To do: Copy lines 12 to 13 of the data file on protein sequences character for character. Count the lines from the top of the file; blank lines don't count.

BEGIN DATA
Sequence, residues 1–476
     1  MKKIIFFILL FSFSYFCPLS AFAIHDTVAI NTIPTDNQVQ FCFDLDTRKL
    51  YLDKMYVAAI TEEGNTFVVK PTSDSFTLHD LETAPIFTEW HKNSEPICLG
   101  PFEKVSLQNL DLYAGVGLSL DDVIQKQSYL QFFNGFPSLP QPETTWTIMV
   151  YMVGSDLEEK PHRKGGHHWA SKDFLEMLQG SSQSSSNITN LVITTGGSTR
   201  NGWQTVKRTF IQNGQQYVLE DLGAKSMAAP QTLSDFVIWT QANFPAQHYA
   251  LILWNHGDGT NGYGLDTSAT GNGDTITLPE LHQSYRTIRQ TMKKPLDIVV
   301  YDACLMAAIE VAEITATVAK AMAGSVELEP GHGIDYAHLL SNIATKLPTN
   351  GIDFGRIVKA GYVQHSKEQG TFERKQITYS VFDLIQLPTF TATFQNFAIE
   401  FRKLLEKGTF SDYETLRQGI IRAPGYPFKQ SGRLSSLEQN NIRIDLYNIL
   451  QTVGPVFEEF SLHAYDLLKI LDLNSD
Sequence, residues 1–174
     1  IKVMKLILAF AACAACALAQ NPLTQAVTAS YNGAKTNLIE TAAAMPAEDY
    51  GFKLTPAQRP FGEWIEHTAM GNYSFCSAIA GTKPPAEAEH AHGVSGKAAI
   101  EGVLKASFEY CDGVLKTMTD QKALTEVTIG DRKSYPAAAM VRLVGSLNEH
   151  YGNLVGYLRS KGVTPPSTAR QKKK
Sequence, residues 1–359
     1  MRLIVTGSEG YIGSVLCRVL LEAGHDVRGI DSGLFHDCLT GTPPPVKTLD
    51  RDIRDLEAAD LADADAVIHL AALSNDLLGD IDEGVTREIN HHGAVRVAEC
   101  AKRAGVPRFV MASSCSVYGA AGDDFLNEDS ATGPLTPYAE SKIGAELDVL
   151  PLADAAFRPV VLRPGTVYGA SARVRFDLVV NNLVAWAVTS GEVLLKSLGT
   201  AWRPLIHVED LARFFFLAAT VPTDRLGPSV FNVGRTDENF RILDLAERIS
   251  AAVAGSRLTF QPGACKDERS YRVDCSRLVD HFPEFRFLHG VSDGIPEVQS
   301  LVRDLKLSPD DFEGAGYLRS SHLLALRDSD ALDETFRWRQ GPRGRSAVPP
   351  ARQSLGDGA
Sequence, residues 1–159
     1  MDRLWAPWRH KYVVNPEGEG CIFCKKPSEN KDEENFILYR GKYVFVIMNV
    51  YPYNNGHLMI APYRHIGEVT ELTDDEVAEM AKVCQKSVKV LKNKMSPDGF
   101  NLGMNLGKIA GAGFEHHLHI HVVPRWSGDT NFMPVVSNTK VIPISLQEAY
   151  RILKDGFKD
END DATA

Sequence, residues 1–174
     1  IKVMKLILAF AACAACALAQ NPLTQAVTAS YNGAKTNLIE TAAAMPAEDY